One example of this was our integration policy within our latest manifesto. There are valid concerns within the policy. For example, should we allow people into this country, whether they be non-religious or not, who believe that homosexuality should be a crime punishable by death? Of course we shouldn’t. However instead the presentation of policy was dragged into a discussion focusing on ‘what women wear’. There are no official statistics on how many people wear the Burka or Niqab in the UK however there are in both France and Germany. Using these figures, you can reasonably assume that around 1000 women are wearing them in the UK. I understand the feminist and integration argument against the Burka. However, an issue that affects so few women should be page 127 on a manifesto, if at all, not a headline policy. I myself, do not support a ban.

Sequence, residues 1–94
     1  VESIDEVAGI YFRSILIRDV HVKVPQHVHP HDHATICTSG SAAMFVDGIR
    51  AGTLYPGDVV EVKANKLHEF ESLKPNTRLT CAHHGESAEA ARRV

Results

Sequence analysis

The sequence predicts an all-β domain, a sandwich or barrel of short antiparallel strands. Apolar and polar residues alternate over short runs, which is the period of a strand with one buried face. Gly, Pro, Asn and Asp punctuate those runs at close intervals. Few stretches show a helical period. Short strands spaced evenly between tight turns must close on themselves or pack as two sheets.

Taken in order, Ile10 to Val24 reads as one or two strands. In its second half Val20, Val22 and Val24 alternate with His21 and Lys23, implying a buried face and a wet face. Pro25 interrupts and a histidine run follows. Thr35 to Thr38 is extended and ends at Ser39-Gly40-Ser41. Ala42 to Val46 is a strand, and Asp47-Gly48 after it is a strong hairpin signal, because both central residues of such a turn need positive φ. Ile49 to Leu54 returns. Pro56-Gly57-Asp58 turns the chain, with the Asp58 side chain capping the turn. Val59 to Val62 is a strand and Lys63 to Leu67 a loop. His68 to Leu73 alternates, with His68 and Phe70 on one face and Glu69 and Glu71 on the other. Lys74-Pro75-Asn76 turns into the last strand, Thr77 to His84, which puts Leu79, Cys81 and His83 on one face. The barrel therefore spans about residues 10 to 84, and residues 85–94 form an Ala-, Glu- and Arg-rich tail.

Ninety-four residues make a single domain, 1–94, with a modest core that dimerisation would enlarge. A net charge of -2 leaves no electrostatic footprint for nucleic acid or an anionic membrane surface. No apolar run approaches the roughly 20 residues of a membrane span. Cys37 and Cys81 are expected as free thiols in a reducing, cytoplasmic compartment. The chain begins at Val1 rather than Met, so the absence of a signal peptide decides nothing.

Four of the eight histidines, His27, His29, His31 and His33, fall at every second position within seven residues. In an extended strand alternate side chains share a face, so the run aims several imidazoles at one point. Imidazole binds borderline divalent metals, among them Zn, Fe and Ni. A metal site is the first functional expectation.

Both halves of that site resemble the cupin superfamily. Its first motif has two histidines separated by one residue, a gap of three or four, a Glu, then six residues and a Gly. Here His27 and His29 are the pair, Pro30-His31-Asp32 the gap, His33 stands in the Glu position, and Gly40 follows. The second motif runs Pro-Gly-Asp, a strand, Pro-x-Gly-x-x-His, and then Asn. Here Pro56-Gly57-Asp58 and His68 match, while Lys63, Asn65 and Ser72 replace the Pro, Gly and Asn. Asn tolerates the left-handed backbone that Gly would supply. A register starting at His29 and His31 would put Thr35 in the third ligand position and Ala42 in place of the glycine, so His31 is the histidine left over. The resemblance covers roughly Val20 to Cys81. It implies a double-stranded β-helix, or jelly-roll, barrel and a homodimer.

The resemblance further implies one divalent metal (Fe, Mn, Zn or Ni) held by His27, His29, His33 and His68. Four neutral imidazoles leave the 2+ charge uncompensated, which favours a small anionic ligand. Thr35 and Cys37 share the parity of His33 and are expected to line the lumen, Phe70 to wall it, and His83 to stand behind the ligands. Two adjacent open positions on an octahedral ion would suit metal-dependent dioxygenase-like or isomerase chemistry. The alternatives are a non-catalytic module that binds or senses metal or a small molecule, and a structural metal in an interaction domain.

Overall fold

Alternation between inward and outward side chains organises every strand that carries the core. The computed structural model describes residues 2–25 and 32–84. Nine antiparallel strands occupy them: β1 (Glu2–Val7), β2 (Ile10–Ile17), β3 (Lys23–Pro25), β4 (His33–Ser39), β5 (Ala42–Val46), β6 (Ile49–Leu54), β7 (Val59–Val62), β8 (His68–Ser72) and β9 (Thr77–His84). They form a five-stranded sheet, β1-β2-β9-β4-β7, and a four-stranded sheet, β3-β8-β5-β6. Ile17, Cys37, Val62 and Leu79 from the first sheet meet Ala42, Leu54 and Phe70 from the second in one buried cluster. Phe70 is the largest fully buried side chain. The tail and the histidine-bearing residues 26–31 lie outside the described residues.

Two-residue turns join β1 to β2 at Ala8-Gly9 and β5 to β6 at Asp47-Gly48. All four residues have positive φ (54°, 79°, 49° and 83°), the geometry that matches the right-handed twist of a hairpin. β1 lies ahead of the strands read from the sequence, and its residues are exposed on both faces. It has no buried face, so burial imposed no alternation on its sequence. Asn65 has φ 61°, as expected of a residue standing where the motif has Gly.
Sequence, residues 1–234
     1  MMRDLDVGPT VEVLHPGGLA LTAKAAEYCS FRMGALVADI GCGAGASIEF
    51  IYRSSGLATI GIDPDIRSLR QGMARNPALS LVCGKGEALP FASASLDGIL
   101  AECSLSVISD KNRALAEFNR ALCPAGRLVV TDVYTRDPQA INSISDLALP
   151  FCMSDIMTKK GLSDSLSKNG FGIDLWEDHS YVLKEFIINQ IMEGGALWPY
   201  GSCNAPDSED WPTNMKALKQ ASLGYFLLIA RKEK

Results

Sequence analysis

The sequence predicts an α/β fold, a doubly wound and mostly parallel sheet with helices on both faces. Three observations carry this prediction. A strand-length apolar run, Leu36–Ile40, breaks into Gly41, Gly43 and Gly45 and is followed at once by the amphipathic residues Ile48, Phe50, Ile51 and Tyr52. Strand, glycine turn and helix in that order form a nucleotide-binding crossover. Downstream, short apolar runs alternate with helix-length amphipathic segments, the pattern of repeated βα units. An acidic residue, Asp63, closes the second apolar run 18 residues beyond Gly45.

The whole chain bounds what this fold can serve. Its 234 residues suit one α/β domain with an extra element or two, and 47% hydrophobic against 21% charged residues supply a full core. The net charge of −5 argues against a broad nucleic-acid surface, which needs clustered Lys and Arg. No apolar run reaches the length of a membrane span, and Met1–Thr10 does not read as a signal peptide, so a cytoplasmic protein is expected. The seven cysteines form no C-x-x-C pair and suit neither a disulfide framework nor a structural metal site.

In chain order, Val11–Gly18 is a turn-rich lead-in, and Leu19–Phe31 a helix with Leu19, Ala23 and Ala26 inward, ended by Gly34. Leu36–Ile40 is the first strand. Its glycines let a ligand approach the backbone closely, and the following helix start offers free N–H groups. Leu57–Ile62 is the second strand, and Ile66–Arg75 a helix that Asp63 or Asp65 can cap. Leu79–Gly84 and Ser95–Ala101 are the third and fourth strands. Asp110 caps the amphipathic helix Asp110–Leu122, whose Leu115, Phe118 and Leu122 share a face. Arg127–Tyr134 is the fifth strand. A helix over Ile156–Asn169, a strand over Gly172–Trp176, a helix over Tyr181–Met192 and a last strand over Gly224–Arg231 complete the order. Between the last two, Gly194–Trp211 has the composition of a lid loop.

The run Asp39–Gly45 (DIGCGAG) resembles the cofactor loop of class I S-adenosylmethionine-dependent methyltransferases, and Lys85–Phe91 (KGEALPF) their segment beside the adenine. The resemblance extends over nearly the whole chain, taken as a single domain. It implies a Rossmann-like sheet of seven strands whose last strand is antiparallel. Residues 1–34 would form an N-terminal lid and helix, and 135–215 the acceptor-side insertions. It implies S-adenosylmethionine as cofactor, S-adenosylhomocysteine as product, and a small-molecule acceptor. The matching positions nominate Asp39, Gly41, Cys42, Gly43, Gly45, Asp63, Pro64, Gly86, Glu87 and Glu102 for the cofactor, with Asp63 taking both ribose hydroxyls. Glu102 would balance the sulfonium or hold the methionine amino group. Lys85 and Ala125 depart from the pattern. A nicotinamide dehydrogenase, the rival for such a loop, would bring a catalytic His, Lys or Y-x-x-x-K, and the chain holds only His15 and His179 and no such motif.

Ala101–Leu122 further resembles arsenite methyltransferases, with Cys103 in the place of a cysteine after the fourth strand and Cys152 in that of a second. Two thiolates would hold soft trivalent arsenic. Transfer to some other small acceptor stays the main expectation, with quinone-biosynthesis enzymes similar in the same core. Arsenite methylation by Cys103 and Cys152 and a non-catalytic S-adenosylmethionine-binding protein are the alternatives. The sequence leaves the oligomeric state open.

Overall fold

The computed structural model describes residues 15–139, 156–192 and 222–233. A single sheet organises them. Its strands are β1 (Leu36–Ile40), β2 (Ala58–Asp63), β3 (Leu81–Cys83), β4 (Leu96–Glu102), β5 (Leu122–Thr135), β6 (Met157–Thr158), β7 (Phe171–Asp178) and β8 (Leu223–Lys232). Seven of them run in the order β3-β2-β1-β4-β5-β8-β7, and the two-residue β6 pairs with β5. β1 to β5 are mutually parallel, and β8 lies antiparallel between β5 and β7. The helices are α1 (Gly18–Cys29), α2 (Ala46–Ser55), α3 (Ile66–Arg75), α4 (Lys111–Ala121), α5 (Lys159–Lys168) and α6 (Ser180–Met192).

The real scandal in this country regarding integration, not just in Muslim communities, but also working class white and black communities, is youth mass unemployment. However, this barely got a mention within any of the press conferences about the policy. If people from any background are to integrate then they must have a chance of employment. In addition, the possibility of avoiding employment should be removed. I call on the next leader of UKIP to make the eradication of youth unemployment and related benefit reforms the centre piece of both our economic and integration policy. People can only fully integrate into the wealth of experiences our wonderful country can offer when they have a steady and adequate income. We now have urban underclass ghettos in nearly all of our major population centres often segregated along ethnic lines. They are breeding grounds for drug dependency, crime and radicalisation. This cycle must end. What better way could there be to prove that UKIP fights for all, regardless of race, than to put forward a plan to eradicate mass youth unemployment?